“The maintenance for this unit is much more frequent,” confirms Harris. “After each ballasting operation, while still in the same ecological zone or in international waters [200 Nm from the base line], the unit can be cleaned in place. The UV reactor is filled with a biodegradable cleaner, which is circulated for around six hours.

"The unit is then flushed with freshwater and filled to prevent scaling, and algae growth, for example. This will avoid the risk of any residual untreated water being discharged in a different ecological zone.”

The ballast treatment unit can be bypassed, so that, in the event of an emergency, the vessel can be ballasted or deballasted.

Equally, life for those on board the two new Queen Elizabeth Class aircraft carriers – total cost £6.2 billion – can be challenging enough, without concerns over the plentiful availability of freshwater for those on board. Each of the 65,000-tonne carriers – HMS Queen Elizabeth and HMS Prince of Wales – provides the armed forces with a four-acre military operating base, which can travel up to 500 miles per day to be deployed anywhere around the world.

“As with any large facility, there is a requirement to maintain a habitable and safe environment for the people employed and living within,” says Martin Douglass, engineering director at the Aircraft Carrier Alliance and chief engineer of the Queen Elizabeth Class aircraft carrier programme. “The issue with any vessel, especially one designed to remain independent of port support for protracted periods, is that providing the basic needs can prove a challenge.”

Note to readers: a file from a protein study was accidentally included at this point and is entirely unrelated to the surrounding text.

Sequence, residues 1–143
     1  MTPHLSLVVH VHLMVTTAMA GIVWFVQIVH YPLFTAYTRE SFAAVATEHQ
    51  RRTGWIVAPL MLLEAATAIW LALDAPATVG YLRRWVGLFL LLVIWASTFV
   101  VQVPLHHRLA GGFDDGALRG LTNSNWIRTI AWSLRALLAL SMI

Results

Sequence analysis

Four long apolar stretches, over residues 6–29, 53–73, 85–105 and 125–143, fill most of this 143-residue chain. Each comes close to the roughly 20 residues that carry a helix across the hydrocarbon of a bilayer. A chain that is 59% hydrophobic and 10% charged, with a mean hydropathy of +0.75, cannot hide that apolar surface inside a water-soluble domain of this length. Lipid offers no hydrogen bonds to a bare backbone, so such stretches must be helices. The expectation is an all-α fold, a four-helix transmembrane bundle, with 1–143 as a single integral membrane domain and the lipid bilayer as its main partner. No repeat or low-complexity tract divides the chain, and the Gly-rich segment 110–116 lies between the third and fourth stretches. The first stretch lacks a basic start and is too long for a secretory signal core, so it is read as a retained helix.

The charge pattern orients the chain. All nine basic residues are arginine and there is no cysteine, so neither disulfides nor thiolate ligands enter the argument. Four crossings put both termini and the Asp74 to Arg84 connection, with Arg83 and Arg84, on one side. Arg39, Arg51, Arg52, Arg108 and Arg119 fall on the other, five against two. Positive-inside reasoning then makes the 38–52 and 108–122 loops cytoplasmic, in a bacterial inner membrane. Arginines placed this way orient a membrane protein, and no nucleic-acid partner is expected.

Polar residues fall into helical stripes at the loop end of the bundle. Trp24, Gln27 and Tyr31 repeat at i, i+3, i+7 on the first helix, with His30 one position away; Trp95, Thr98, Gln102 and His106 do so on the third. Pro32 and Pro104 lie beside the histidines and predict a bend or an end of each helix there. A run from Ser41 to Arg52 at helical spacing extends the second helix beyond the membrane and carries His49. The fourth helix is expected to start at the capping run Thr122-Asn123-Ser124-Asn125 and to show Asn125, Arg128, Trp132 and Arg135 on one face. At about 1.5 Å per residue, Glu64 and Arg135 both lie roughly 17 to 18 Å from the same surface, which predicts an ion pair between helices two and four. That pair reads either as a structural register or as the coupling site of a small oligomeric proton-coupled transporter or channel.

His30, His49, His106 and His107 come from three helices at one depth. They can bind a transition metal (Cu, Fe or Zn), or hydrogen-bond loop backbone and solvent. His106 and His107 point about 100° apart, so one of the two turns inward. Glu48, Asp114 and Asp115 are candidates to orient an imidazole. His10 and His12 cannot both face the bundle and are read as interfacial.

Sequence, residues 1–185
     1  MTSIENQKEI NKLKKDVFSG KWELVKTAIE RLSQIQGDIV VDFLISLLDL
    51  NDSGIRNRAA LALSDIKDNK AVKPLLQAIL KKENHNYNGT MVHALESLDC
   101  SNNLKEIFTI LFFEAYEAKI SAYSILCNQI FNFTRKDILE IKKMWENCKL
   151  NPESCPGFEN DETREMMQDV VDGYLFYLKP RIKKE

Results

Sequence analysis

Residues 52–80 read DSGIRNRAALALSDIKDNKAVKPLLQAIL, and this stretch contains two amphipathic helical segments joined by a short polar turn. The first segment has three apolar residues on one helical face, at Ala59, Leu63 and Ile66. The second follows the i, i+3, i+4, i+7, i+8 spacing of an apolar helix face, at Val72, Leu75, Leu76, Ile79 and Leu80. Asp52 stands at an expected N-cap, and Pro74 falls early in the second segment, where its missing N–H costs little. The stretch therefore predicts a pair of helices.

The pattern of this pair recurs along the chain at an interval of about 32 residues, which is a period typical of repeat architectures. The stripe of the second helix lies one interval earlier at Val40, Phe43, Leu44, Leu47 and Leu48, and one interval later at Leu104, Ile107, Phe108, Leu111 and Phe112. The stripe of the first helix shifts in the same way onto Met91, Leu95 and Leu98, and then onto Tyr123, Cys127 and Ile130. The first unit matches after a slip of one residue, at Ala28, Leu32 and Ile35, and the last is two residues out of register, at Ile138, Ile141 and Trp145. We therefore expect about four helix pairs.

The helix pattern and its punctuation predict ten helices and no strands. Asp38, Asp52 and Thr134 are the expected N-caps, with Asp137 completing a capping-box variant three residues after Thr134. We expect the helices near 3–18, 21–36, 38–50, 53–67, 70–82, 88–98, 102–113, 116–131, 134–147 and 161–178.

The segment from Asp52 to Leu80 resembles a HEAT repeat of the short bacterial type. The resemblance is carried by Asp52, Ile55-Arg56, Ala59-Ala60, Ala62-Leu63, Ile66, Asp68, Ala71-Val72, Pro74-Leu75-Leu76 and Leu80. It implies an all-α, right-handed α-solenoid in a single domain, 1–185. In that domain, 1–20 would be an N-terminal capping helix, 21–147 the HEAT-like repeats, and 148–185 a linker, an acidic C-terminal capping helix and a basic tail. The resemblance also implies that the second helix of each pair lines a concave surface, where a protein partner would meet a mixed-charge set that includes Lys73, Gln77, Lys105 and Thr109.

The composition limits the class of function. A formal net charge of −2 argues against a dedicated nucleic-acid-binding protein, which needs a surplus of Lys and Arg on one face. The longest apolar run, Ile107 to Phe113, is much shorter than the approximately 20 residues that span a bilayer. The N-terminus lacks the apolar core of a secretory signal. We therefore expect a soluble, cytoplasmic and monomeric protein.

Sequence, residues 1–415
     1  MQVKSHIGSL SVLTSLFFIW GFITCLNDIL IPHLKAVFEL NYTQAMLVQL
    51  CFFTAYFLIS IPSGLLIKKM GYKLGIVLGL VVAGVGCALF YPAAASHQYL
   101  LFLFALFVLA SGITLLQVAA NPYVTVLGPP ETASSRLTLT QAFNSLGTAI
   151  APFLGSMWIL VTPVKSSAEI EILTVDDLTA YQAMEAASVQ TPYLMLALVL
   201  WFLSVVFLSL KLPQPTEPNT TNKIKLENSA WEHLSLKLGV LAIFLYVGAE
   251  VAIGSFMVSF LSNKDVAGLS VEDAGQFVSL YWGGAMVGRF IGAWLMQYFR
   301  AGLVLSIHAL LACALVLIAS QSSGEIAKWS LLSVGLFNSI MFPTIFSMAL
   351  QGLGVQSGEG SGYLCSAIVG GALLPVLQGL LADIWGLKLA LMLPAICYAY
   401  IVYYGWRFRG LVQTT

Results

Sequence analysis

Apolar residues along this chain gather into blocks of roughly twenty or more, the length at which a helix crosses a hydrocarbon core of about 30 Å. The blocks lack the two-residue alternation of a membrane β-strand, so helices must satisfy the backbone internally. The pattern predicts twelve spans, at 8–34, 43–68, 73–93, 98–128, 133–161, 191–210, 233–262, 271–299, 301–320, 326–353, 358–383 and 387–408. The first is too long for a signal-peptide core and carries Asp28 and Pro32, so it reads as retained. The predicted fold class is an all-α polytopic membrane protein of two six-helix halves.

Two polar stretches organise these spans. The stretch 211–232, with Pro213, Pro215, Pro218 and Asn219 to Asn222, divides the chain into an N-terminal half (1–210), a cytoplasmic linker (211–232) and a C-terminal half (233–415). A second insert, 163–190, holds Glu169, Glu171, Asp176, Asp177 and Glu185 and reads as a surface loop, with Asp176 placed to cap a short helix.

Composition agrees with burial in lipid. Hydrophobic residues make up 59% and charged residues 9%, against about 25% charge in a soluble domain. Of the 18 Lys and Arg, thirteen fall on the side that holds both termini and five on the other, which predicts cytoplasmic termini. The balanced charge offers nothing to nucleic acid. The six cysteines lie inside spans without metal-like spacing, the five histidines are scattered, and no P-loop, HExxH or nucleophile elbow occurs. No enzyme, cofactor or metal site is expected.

With a ship’s company of around 700 and overall manning of up to 1,600 (when including air group and other embarked personnel), and deployments typically lasting nine months, the aircraft carriers’ crews require a dependable and consistent supply of pure water on demand, whenever and wherever they are across the globe.

To meet this need, a £1 million reverse osmosis system draws in seawater. High pressure is then applied to the salt water, pushing it through a semi-permeable membrane. Due to the size of the salt molecules, only smaller water molecules can pass through, transforming it into freshwater at a rate of 175m3 per day.

The highest levels of fire safety standards are also vital, as commissioning manager Gary Butterfield confirms: “During the system trials, which took place on the forward mooring deck, we were able to demonstrate to the Naval Fire Authority, Lloyds Register and Maritime Capability Trials and Assessment that the firefighting system meets the design specification for the flow and pressure of the foam. This confirms that the system produces enough foam through the pipework and nozzles, and that the system will produce the correct concentration of Aqueous Film Forming Foam and seawater.”

Operating Joint Strike Fighter Lightning II jets and several helicopter types, the QE Class carriers are used across the full spectrum of military activity, from waging war to providing humanitarian aid and disaster relief. Just as it was once stated that 'an army marches on its stomach', none of this would be possible without an adequate supply of freshwater on board for drinking, cooking, showers, washing and general ship husbandry.

Brian Wall